Sir Douglas Myers is spending tens of thousands of dollars every month on chemotherapy drugs, including the new wonder drug Keytruda, to help keep him alive for a little longer.
Faced with widespread and incurable cancer, the former Auckland beer baron is under the care of a private London oncology clinic and spends, he says, "about 20 per cent of my time in the Harley St area".
The private treatment includes regular PET scans and a concoction of drugs, including three-weekly infusions of Keytruda at $49,000 a shot, although the price has just dropped to $40,500.
In New Zealand, Pharmac is refusing to fund the immunology drug, also known as pemrolizumab, saying it is a low priority because of its high cost and "uncertainty" about its benefits.
Sir Douglas, 77, was diagnosed with bowel cancer in 2008 and, after an operation, was told he was cured. But five years later, he discovered his cancer had metastasised aggressively and doctors told the shocked millionaire he had about two months to live.
But the NBR rich-lister wasn't ready to die. He engaged one of Britain's top oncologists and cancer-cure researchers, Oxford-educated Professor Justin Stebbing, and undertook a gruelling regime of treatment to shrink the tumours. The treatment will not cure him but will buy time.
His oncologist recommended Keytruda and was one of the first in Britain to use it, while Sir Douglas was among the first patients to be treated for colon cancer secondaries with the drug.
He said he had two friends with melanoma who had been treated with Keytruda and both thought they were cured.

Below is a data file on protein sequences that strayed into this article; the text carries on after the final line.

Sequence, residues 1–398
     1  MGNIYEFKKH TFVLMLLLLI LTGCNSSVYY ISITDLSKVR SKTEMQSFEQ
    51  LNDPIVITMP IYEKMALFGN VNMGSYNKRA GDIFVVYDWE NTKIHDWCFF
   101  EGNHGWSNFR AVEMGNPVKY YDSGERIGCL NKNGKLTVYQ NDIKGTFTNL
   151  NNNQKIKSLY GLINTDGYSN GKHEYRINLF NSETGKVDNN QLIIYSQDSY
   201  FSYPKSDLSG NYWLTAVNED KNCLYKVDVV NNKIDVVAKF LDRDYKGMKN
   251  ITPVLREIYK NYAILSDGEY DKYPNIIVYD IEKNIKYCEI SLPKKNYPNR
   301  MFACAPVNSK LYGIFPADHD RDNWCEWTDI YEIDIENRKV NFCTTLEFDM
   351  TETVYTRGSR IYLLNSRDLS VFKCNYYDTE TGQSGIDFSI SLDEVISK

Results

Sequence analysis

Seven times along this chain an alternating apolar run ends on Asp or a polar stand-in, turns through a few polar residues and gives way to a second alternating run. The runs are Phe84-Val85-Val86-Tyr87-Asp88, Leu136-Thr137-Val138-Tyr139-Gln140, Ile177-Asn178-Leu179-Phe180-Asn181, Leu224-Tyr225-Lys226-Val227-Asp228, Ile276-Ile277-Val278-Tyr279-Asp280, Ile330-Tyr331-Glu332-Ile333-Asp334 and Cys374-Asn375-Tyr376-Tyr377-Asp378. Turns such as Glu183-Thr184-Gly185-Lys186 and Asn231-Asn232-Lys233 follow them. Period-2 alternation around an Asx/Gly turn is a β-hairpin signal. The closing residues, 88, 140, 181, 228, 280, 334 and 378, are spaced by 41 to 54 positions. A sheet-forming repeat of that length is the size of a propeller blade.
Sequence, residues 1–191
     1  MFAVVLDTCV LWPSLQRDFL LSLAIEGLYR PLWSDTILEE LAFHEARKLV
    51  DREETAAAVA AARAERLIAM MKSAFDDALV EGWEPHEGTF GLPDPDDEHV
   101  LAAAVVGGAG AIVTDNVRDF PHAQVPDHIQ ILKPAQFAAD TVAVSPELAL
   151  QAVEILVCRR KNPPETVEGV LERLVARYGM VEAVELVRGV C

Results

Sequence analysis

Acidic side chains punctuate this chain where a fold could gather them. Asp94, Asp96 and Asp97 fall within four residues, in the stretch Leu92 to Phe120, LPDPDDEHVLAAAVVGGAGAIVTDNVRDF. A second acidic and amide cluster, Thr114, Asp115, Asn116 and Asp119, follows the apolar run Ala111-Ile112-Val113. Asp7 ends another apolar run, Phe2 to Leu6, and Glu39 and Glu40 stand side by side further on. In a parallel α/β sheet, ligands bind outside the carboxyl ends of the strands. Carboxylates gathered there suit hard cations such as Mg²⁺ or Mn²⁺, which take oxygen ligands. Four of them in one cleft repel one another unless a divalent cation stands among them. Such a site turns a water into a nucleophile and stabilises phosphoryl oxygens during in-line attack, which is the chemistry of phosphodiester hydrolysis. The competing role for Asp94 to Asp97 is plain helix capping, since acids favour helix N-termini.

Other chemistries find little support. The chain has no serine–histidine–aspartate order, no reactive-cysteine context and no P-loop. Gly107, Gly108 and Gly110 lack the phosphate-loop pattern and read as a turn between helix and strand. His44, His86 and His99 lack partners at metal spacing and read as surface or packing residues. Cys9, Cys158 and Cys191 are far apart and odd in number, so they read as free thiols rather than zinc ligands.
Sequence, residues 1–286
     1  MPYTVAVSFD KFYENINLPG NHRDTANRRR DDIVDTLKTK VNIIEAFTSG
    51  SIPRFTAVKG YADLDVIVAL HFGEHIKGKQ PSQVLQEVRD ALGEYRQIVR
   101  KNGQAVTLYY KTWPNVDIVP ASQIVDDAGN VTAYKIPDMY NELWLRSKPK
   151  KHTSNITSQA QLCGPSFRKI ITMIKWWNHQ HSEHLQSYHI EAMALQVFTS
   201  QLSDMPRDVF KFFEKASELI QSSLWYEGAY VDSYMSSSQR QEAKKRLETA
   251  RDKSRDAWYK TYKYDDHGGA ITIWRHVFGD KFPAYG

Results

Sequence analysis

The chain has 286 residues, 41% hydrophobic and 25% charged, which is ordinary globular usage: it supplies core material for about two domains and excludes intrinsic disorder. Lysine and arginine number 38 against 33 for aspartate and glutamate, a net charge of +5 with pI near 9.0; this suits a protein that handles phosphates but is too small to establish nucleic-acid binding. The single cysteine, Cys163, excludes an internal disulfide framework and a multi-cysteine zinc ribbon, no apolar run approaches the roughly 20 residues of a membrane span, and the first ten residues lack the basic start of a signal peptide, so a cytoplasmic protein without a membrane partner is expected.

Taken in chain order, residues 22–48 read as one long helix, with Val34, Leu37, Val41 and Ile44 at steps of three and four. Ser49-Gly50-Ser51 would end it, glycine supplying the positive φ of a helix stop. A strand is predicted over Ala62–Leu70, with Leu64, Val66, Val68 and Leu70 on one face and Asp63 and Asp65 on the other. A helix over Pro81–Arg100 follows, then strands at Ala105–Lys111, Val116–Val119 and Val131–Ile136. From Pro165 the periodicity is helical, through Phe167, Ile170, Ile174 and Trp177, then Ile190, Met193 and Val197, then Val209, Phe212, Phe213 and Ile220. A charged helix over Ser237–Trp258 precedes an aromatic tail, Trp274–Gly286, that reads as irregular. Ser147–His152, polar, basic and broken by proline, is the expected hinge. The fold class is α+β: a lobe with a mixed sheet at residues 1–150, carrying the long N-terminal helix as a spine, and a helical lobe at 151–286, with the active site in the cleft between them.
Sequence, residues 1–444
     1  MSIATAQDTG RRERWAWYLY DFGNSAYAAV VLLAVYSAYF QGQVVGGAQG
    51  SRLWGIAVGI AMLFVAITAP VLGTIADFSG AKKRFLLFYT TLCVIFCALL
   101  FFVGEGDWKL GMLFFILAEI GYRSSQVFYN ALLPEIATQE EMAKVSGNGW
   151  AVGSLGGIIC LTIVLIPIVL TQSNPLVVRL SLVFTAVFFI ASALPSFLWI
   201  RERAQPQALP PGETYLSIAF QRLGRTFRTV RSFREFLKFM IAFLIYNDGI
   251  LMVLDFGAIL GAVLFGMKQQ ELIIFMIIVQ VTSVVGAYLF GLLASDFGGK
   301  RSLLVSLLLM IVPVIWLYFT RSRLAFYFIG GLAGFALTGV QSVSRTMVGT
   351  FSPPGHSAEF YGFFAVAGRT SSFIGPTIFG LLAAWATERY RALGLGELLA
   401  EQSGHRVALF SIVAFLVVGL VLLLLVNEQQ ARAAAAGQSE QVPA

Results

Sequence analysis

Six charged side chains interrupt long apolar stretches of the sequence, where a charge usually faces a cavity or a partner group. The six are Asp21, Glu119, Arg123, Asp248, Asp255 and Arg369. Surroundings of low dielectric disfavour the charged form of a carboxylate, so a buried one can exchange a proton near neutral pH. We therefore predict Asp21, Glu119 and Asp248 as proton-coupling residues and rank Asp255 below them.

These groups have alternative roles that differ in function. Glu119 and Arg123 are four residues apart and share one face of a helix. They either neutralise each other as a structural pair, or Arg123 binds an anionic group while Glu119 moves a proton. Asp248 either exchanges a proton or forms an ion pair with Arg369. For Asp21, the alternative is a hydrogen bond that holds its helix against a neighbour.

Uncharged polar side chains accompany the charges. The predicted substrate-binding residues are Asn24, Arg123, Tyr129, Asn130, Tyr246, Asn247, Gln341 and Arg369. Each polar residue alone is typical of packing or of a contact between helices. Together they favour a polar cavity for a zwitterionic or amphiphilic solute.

Sir Douglas is due back in New Zealand next week to spend Christmas with his children and grandchildren at the family's Matauri Bay farm.
He puts great faith in Professor Stebbing, and is financially backing a charity that helps to
fund his cancer research.
"He's the most published oncologist in Europe over the last three or four years. What he always says to me about claimed cancer cures is: it's the tumours you can't see that you've got to worry about.
"Luckily in my case I've got so many and so widely spread there's no chance it's anything but a life extension job."
The past two years of treatment has seen Sir Douglas suffer painful bowel blockages, severe dehydration, weight loss, exhaustion and peripheral neuropathy (numbness in his hands and feet as a result of the chemotherapy) which caused him to fall in front of car in London and stumble over an 18m cliff at Matauri Bay. But he puts up with it - he has no choice.
Sir Douglas is still actively involved in two major businesses, Chiltern International and Downtown Music Publishing, and has much to do, including making sure his children Jessica, Laura and Campbell are ready to take over the family fortune.
Chiltern International, a global clinical research organisation, has doubled in size and profit since the Myers family trust took over a controlling interest last year. This year, the company completed a $400 million takeover of an American company.
"It all looks pretty exciting and positive," Sir Douglas said. "Healthcare seems one of the fastest-growing industries around. We do pharma drug testing, so we are in the thick of it."
Downtown Music Publishing - which owns the US administration rights to some of the Beatles' singles, all of John Lennon's music after he left the Beatles and Yoko Ono's song catalogue - has "signed up some great talent and is now a recognised force in the business and opening offices around the world", Sir Douglas said.
"So, all in all a pretty good year and my children are growing in confidence, which is great."
• Keytruda is a breakthrough immunology drug used to treat patients with advanced melanoma and lung cancer.
• The government drug-buying agency Pharmac is refusing to fund Keytruda, deeming it a low priority.
• Melanoma patients face a bill of $300,000 to pay for it privately.
• Health Minister Jonathan Coleman says the Government will not overrule Pharmac over its decision.